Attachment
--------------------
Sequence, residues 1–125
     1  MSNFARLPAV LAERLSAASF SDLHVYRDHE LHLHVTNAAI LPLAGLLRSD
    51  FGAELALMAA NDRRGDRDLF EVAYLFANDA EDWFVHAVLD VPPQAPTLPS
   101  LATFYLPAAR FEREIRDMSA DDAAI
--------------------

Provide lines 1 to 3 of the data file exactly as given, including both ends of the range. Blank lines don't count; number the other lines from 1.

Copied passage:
Sequence, residues 1–125
     1  MSNFARLPAV LAERLSAASF SDLHVYRDHE LHLHVTNAAI LPLAGLLRSD
    51  FGAELALMAA NDRRGDRDLF EVAYLFANDA EDWFVHAVLD VPPQAPTLPS